The Director of Design and Insights at the Veteran’s Affairs Office, Sarah Brooks recently visited ArtCenter to give a guest lecture and Journey Mapping Workshop. Interaction Design student, Nicholas Jayanty, gives us an inside look at the workshop from his unique and witty point of view.
“First I go to the car park, but not the one that is close to my house. Most of the time that one is full, so I have to go a few stops down and park there, but sometimes there’s no spot there either.” And so it begins, a day in the life of a Los Angeles commuter exploring the step-by-step progression of their trip to work, conjured by a journey mapping exercise moderated by the Director of Design and Insights at the Veteran’s Affairs Office, Sarah Brooks.
As my group member shared the grim details of a nearly two-hour commute both ways, I felt my brow knit and my heart rate accelerate. Dotting the eight-foot long sheet of paper covered in carefully gridded post-its organized into rows headed by “Doing, Thinking, Feeling,” we were on a hunt for opportunity. A feeling with one foot in rage and the other in disgust began to surface, and my problem-solving brain kicked into motion as I scanned the length of this commuter’s journey searching for opportunities to make his commute suck just a little bit less. It was that moment that I realized commuting is just the tip of an iceberg buoyed by corporate culture, car culture, urban sprawl and all of these other messy elements.
Reserved parking, or a parking app that lets users know where the open spots were in advance, or a latte waiting at a food cart at his train station: these ideas poured forth. A pastry at the end of your journey? That sounds reasonable, so how could we make that happen?
In that moment, I realized the value of empathy in my own personal process. Describing it now, I realize empathy is sort of like a handshake. The sender shares an experience, the receiver absorbs and internalizes the experience, but beyond the exchange of information, there’s a visceral exchange of intention and emotion.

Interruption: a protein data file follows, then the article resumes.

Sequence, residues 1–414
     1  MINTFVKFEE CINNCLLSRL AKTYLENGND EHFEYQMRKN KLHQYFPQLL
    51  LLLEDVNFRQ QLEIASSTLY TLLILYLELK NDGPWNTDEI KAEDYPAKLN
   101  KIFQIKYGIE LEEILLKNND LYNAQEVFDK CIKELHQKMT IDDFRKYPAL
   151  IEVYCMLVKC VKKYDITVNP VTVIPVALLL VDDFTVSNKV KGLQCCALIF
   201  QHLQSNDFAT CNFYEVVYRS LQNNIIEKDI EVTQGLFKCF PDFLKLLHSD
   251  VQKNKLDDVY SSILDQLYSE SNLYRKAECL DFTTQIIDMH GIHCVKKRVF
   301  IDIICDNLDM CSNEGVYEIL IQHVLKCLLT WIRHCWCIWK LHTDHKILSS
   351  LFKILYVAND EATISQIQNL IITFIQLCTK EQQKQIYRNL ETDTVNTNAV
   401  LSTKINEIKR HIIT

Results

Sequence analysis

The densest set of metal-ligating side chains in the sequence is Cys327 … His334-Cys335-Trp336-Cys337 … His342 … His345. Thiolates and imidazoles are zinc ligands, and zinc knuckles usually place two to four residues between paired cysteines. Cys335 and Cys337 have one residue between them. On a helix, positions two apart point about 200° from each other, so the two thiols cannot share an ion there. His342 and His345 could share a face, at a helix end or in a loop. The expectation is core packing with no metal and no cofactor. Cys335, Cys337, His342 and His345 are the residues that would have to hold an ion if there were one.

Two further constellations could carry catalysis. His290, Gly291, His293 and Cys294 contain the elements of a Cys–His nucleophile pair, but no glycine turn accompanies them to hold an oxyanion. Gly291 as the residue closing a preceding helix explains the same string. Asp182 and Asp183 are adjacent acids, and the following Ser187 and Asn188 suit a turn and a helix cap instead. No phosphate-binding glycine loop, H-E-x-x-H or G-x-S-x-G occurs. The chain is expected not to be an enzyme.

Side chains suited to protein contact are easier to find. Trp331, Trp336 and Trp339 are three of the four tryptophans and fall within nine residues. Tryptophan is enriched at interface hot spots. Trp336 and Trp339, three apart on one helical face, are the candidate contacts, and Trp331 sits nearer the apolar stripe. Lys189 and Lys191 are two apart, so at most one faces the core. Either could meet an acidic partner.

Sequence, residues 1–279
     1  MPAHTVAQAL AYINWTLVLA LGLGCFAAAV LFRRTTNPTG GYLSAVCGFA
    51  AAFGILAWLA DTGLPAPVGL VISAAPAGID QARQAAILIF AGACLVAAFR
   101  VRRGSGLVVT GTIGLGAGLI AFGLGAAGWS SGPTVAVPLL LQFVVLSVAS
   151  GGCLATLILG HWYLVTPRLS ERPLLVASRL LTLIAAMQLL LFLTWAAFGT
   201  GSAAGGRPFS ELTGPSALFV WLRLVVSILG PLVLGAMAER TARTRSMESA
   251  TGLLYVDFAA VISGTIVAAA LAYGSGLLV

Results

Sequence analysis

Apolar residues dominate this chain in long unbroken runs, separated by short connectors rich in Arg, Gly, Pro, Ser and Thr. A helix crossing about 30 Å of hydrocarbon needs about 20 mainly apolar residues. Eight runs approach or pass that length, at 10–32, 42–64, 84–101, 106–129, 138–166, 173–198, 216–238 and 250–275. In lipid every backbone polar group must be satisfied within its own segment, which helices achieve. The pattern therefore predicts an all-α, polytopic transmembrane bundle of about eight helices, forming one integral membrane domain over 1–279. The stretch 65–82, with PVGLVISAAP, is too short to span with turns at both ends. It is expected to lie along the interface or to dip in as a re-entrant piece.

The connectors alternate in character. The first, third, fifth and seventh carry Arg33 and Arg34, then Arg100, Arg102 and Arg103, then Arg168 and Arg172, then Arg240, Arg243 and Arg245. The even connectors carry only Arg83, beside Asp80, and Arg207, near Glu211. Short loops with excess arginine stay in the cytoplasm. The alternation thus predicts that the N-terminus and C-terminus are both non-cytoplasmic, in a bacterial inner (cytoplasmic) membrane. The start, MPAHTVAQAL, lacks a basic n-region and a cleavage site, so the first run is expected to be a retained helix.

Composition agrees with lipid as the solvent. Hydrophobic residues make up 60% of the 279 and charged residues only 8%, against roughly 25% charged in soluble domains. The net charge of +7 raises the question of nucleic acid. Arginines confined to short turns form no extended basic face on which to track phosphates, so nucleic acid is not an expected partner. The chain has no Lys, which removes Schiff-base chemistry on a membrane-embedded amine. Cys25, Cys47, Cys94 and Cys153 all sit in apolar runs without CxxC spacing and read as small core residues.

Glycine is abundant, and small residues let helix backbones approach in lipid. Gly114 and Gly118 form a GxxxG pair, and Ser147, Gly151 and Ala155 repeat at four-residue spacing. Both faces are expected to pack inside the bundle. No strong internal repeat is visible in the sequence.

There’s enough room in the brain to make room for the sender’s feelings about their experience, but for me it is not until my own emotional interpretation kicks in that the brain starts to work on the problem. I reflect on my own experiences and the tactics and techniques I’ve used in the past to make something horrible a bit better, or positive experiences that surprised me when I expected something to be not so much fun.
The power of journey mapping is that it surfaces not only the steps involved, but also the internal monologue and emotional response to each user’s memory of the experience in question. It paints a picture of empathy for all involved.
Liz Sanders, a leader in generative research practice, is known for the Path of Expression framework: only through reflecting on the past are users able to see future possibilities. After experiencing the detailed approach to journey mapping courtesy of Sarah Brooks, I’ve been empowered to facilitate users being able to take that first step to co-creating a brighter future, and pin pointed how one of the key elements of human centered design, empathy, makes my design mind tick.
This opportunity was made possible in part by support from the Designmatters Educational Program Grant from the Autodesk Foundation.